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Detoured Whale Still Cruising San Diego Harbor

A young gray whale that wandered into San Diego Bay and became a popular tourist attraction passed the three-week mark in the harbor today. A U.S. Coast Guard lieutenant saw the 30-foot cetacean surfacing about 150 yards offshore from the maritime agency's local headquarters about 10 this morning, USCG Petty Officer Jetta Disco said.

``Diego'' -- as he's been dubbed by fans -- was first spotted in the bay on March 10, cruising near Shelter Island.

The federal maritime agency has been asking boaters to stay at least 100 yards from the whale, and personnel with the U.S. National Marine Fisheries Service have been keeping tabs on its movements, hoping it will make its way back to the open ocean sooner rather than later.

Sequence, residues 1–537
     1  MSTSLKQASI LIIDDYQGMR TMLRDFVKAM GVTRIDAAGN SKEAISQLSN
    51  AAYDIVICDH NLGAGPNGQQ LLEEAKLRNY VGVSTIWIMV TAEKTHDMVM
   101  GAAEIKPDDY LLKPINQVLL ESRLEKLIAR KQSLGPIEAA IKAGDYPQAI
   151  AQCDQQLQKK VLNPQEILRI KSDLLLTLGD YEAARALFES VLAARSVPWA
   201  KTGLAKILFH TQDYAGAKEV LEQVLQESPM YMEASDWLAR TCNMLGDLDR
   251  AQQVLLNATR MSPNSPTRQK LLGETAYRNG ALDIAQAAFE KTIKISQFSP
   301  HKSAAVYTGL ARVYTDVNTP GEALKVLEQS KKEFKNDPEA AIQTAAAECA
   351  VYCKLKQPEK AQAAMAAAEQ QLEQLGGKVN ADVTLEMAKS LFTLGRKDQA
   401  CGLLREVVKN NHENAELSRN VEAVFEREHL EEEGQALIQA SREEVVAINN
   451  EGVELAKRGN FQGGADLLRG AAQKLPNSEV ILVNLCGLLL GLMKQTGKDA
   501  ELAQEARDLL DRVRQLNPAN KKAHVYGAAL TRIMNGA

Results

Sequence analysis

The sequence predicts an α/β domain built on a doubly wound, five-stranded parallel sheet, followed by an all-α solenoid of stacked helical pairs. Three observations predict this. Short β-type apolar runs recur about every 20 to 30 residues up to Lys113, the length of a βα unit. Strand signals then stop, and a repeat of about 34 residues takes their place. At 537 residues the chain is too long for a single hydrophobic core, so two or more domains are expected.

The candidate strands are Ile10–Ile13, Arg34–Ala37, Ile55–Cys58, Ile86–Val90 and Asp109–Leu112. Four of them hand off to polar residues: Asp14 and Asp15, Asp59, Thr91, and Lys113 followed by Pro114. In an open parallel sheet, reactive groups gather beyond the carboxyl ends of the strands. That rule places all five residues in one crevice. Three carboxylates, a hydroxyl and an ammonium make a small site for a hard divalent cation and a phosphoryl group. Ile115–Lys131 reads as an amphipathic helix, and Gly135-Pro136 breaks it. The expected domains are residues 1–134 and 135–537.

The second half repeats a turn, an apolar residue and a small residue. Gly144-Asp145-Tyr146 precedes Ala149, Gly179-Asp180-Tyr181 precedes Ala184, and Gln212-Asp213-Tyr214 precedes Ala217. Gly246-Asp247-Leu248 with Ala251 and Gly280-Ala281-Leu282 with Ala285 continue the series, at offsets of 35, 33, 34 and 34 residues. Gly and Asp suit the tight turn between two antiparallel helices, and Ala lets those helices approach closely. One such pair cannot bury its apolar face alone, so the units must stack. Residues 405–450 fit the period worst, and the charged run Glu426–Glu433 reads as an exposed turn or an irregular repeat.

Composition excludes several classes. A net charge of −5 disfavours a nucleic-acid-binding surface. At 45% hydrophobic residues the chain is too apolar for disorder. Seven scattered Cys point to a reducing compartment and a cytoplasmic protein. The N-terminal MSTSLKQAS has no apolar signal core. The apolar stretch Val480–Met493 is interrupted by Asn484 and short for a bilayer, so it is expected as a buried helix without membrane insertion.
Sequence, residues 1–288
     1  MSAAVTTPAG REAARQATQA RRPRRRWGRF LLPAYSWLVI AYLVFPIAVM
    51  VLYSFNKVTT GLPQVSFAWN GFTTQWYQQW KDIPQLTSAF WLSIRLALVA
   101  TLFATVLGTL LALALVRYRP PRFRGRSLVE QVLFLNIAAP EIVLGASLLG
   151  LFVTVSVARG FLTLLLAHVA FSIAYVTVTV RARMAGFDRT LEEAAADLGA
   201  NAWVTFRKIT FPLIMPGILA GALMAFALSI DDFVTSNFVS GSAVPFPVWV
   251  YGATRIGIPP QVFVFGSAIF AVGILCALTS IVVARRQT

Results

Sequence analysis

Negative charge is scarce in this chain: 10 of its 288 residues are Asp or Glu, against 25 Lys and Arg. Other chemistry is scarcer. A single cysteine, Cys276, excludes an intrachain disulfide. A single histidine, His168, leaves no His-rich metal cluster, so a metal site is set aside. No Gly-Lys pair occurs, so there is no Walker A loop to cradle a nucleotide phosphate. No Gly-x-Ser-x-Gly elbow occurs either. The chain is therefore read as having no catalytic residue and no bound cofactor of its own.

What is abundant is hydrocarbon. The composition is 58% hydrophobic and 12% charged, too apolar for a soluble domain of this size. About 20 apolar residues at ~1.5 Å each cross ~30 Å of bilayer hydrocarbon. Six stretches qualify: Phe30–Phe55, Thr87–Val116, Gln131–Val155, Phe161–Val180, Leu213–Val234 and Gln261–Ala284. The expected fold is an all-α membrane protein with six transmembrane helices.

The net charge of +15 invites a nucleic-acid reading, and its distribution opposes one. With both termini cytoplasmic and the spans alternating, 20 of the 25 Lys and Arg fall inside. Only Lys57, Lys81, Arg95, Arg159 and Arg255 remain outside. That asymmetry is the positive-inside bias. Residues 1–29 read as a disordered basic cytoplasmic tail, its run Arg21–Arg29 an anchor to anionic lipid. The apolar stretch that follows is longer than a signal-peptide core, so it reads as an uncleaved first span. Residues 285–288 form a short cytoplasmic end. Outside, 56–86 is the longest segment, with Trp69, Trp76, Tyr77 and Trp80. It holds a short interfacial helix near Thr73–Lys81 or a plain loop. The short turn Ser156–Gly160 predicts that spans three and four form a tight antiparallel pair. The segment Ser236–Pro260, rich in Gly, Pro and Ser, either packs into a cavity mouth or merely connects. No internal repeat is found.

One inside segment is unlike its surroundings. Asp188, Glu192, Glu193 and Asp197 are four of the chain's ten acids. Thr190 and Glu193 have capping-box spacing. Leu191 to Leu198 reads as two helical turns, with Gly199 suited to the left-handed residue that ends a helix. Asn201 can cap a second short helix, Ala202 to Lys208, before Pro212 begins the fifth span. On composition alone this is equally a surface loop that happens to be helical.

The leviathan, believed to be 1 or 2 years old, may have been migrating by itself for the first time when it took a detour into the harbor, NMFS biologist Joe Cordaro said.

Gray whales, which can reach more than 50 feet in maturity, travel some 10,000 miles on their annual migration from the lagoons of Baja California, where they calf and mate in wintertime, to Alaskan waters, where they spend summers.

Around the end of February, southbound stragglers mix with others already heading north, Cordaro said.

It is not altogether uncommon for whales to stray from their migration routes. In 1992, a roughly 35-foot gray spent about two weeks in San Diego Bay before being found dead with a gash to its head, apparently having been struck by a boat.

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